Select Page

Tools of War: Design Principles for Massive Combat

5th edition isn’t designed for massive combats. One of the most powerful things you can do in 5th edition and its derivatives is to either get more actions or deny people theirs. As the game is simulationist, adding more people into a combat becomes a brute-force way to make this happen, be that hordes of opponents, summoned allied minions, or simply lots of players or allied NPCs. Additionally, each combatant makes every round of combat take...

Tools of War: NPC Allies

NPC allies are a reasonably common feature in home campaigns and published adventures. While a decent way to showcase the allies that characters are invested in, characters who are important to the plot, or just friendly combatants too important to be represented as some sort of disposable minion, they can be annoying to use. And just as with minions and hirelings, they add to the action economy on a one-to-one basis. Controlling them is a...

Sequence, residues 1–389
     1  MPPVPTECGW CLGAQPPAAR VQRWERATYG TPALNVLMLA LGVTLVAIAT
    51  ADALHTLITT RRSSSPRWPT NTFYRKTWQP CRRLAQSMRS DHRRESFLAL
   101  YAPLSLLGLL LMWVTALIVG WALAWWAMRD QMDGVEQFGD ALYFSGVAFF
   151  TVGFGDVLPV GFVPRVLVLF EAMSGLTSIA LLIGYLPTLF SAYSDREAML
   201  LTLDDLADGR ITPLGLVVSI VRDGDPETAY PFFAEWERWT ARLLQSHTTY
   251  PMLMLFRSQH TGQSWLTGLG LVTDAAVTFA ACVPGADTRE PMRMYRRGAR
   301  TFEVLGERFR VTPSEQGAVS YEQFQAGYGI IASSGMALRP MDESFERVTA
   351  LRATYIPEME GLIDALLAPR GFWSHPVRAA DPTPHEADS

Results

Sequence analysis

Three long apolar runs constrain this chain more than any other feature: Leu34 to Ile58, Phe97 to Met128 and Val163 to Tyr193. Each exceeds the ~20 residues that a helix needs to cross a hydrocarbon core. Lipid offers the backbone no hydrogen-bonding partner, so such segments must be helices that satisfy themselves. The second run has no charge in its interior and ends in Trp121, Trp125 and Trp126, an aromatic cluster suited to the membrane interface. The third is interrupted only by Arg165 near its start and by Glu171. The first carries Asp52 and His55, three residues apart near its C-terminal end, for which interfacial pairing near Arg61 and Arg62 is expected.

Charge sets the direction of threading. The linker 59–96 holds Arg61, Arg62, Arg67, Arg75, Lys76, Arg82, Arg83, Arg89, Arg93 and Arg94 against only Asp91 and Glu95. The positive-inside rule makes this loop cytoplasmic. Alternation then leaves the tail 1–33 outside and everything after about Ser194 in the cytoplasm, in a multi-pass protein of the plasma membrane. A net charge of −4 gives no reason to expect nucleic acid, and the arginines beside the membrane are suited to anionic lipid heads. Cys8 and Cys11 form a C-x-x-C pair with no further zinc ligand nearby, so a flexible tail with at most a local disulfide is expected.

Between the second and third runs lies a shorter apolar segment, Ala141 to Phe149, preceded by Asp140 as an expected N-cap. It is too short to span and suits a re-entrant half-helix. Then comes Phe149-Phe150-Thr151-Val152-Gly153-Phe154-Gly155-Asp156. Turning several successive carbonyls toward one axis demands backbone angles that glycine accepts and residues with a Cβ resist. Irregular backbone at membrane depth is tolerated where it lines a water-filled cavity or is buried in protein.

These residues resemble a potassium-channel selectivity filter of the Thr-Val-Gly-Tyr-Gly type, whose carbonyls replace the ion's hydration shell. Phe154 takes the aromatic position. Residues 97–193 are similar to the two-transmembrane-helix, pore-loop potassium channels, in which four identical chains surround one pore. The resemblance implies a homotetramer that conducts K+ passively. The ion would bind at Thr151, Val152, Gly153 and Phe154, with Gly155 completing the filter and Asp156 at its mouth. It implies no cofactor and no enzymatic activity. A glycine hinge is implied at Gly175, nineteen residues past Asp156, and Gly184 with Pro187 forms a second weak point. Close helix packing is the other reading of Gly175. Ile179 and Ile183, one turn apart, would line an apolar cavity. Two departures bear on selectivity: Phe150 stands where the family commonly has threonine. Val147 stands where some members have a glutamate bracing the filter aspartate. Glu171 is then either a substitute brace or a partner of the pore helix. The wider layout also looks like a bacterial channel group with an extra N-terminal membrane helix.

Tools of War: Commanding Minions

You’re playing a necromancer, and you’ve finally got animate dead. Your last battle leaves you with a small hoard of corpses, and careful spell selection and treasure hoarding has given you the resources to raise, equip, and transport all of them.  You reach the dungeon, a team of bandits riding out to meet you. You command your minions to charge alongside the barbarian and— Oh no. You have to roll initiative for all of these guys…...

Tools of War: Formations and Hordes

Enormous battles against overwhelming odds are a staple of the fantasy genre, of the books and movies and games that inspire so many campaigns. Trying to bring that experience to the tabletop, though, is difficult with the increased bookkeeping, time, and attention that such combats require. To War! There are existing rules to mitigate this. Both the Monster Manual and Dungeon Master’s Guide offer ways to speed up combat or handle large numbers...


Pin It on Pinterest